A true structure, with thought.
Today, digital is marketing and marketing is digital. It’s the front door to brands. And, as a result, the expectations on teams keep increasing. It takes a true village to do good work in digital. Teams need strategists, creators, community managers and more. It’s not the job of one or two people at all anymore.
Too often I see teams hiring blindly without understanding what true structure should look like. Hiring without understanding why doesn’t fix headcount issues. It puts a temporary band aid on them.
Every team should do an audit of their current structure. Take a step back, talk to the current staff and identify the actual needs and holes. Don’t assume you need another strategist when your team might actually need a creator. Don’t assume you need another community manager when your team might actually need an email coordinator. Bottom line: Don’t hire blindly, hire intently. A lot of issues can be fixed — without having to hire 20 people — by thinking through the structure and making smart, strategic hires.
A team, not a person.
Often it’s the sole responsibility of one (maybe two people) to manage the account and community. One person to manage the calendar, write copy, distribute content and respond to fans. Even some times, one person is expected to run strategy and produce content. Come on now, that’s crazy!
After years of being in the industry, I’m a firm believer that the one role you should double up on is community manager (well that, and content creators).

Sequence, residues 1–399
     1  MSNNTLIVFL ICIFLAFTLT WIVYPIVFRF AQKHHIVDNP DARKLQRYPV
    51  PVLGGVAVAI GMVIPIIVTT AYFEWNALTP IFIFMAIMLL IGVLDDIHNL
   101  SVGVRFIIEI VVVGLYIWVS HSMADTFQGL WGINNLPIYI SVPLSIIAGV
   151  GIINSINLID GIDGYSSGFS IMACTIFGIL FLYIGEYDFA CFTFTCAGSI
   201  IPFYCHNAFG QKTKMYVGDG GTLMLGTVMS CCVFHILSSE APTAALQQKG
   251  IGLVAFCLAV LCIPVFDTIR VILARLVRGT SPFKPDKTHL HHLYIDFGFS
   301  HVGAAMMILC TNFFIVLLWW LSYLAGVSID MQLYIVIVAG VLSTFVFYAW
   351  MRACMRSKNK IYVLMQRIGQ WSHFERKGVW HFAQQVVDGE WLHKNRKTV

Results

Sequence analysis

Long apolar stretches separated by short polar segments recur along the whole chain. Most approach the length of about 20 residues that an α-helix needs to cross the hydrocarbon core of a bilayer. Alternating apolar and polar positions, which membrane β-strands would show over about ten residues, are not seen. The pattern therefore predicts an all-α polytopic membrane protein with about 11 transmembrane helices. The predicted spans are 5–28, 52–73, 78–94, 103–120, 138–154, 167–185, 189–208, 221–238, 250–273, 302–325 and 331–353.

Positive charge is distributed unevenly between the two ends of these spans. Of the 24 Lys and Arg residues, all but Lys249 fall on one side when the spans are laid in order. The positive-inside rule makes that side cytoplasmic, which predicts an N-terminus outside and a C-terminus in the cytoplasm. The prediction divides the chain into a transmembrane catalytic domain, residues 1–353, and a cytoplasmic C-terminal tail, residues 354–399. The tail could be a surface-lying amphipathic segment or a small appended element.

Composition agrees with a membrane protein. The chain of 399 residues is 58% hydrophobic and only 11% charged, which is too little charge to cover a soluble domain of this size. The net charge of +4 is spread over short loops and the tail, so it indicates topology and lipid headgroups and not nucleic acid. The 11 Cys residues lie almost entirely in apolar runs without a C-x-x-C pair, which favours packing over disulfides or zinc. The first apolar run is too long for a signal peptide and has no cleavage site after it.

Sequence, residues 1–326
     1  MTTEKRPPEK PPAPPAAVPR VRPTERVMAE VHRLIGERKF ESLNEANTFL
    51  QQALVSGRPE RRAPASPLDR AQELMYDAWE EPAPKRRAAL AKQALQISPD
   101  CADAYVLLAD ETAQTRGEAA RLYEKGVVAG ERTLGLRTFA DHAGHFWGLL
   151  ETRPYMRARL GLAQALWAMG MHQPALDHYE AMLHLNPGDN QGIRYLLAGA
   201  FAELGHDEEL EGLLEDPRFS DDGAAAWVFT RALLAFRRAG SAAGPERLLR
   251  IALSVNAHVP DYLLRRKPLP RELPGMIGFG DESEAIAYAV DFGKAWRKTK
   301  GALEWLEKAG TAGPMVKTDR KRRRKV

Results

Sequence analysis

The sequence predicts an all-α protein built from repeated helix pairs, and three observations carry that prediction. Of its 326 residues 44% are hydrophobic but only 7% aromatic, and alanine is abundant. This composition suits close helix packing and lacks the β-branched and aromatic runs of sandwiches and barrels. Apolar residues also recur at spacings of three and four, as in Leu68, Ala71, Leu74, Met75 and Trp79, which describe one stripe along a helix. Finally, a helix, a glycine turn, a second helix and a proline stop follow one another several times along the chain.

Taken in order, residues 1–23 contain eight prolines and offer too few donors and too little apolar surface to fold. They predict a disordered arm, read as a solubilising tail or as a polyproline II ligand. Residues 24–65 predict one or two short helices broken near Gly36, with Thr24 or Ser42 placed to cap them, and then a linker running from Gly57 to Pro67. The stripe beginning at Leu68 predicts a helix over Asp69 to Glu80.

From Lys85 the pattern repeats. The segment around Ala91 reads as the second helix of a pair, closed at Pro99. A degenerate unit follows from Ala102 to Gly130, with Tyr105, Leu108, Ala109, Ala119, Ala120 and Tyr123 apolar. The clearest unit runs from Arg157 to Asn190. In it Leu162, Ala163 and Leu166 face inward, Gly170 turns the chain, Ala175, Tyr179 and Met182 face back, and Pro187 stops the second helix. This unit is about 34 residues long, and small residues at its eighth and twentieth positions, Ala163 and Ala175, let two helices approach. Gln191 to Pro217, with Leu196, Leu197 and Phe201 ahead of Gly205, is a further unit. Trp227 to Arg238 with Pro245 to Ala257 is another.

Why is it important to build a team of community managers? First, it allows people to have some balance. We’re lucky to work in sport, but that doesn’t mean people should sacrifice their lives. If you have a team of trusted community managers people can rotate shifts. That way coverage is always taken care of, but without the high risk of burnout.
Additionally, a team account should never be about one person and their voice. When you have a team contributing together to the voice of an account it makes it about the brand and not about one person.
Don’t expect one person to be on 24-7. Don’t make the account about one person. Build a team of people who all help contribute to the account. You’ll have a more energized, productive team. And, an account that’s about the voice of the brand and not a sole individual.